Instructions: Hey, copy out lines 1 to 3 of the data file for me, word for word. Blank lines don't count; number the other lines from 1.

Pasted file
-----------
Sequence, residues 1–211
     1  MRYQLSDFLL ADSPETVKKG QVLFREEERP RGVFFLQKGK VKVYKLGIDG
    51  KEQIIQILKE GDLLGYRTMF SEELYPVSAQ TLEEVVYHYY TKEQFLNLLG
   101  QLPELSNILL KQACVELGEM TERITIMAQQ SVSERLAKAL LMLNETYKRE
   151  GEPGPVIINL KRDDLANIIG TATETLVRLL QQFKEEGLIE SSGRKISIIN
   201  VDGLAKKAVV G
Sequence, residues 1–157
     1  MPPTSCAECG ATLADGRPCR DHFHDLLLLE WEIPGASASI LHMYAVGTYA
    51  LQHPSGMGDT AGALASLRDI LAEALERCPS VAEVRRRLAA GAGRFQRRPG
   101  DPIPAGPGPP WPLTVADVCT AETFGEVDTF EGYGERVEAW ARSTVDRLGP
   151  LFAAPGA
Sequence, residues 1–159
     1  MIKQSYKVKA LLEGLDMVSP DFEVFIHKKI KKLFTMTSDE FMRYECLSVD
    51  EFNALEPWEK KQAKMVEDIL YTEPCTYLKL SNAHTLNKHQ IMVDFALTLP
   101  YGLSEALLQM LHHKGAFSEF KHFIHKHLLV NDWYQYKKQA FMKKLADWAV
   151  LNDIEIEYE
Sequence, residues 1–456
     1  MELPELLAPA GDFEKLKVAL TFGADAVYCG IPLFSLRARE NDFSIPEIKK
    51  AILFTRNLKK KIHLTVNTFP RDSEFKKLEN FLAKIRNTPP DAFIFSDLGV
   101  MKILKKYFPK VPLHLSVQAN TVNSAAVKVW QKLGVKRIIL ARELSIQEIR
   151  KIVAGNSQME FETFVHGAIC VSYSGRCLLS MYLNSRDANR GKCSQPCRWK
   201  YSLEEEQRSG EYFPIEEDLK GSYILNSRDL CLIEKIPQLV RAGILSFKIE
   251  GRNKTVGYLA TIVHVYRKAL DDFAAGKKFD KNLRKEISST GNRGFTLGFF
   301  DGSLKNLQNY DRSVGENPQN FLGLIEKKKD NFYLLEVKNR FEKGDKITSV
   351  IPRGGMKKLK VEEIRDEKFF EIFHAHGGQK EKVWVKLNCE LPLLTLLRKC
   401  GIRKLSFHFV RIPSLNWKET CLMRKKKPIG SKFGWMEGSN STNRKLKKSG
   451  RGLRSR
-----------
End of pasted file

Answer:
Sequence, residues 1–211
     1  MRYQLSDFLL ADSPETVKKG QVLFREEERP RGVFFLQKGK VKVYKLGIDG
    51  KEQIIQILKE GDLLGYRTMF SEELYPVSAQ TLEEVVYHYY TKEQFLNLLG